The sutures are generally classified according to whether the material is natural or synthetic, the material in the body is absorbable or non-absorbable and the suture structure is monofilament or multifilament. Since surgical sutures are classified as medical devices, suture production is under regulatory control of the health ministry of the country that manufacturing takes place. Production guidelines and tests for industry are provided by a non-governmental organization called the United States Pharmacopoeia (USP) and the European Council of the European Pharmacopoeia (EP). The USP system was established in 1937 to standardize and compare suture materials corresponding to metric measurements; The European Pharmacopoeia was first published in 1969.

Suture types are collagen, synthetic absorbable and non-absorbable. These are as follows:

  • Type I- Monofilament, twisted or braided silk or synthetic fibers.
  • Type II – Cotton or linen fibers or coated natural or synthetic fibers in which the coating contributes to suture diameter without adding strength
  • Type III – Metal sutures in monofilament or multifilament construction.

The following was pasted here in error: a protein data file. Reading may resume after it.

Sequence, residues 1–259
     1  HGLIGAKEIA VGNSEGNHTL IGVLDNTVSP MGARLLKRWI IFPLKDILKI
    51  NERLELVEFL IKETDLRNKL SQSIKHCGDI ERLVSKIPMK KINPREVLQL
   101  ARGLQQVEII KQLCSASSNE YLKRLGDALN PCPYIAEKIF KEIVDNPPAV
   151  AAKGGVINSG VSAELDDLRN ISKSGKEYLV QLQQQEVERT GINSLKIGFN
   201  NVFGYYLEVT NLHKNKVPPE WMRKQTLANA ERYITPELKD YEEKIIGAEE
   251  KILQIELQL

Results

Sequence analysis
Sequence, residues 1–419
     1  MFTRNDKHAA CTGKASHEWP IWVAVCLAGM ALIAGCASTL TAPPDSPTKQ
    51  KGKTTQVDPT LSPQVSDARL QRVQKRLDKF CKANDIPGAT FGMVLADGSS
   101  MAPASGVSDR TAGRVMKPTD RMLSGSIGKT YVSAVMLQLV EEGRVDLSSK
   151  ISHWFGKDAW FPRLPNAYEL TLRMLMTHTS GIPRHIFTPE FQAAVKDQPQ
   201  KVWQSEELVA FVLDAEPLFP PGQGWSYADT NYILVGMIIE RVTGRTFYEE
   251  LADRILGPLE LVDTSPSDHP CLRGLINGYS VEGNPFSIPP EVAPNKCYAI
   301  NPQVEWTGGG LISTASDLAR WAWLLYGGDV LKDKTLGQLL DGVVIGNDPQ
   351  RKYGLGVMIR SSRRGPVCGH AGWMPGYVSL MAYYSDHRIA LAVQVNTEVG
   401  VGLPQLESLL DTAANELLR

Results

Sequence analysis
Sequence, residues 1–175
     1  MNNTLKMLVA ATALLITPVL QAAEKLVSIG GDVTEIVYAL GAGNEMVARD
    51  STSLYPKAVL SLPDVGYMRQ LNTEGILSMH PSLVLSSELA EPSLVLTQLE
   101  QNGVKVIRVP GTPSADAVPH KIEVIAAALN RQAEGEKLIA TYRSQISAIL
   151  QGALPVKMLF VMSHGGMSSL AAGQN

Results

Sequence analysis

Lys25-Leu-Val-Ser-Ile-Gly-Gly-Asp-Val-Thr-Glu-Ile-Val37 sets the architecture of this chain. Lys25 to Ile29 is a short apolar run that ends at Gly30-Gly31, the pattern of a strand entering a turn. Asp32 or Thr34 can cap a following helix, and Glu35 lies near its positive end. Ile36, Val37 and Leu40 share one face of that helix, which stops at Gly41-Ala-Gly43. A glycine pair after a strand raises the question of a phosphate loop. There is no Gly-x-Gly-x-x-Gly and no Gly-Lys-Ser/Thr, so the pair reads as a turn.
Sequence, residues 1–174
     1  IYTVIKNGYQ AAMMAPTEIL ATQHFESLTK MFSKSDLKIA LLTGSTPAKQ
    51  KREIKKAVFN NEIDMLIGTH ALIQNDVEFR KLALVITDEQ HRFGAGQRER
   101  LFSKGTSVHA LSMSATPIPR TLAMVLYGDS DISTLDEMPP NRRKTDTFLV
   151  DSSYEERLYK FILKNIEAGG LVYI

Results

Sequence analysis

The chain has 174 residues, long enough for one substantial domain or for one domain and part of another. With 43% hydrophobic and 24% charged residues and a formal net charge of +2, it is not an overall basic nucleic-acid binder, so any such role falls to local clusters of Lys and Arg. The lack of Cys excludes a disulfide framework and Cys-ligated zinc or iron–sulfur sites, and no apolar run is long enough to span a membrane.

The diameter of the suture strand is indicated by zeros and denotes the size of the suture. The suture diameter decreases as the zeros expressing the suture size increase (For example, 3-0 is lesser than 2-0). Suture size significantly affects the tensile strength of the wire. As the suture diameter increases, the tensile strength of the wire increases. This is one of the reasons why different suture diameters are preferred for different operations.

Different types of sutures have different advantages and disadvantages compared to each other. When choosing sutures, sutures should be selected according to these advantages and disadvantages.

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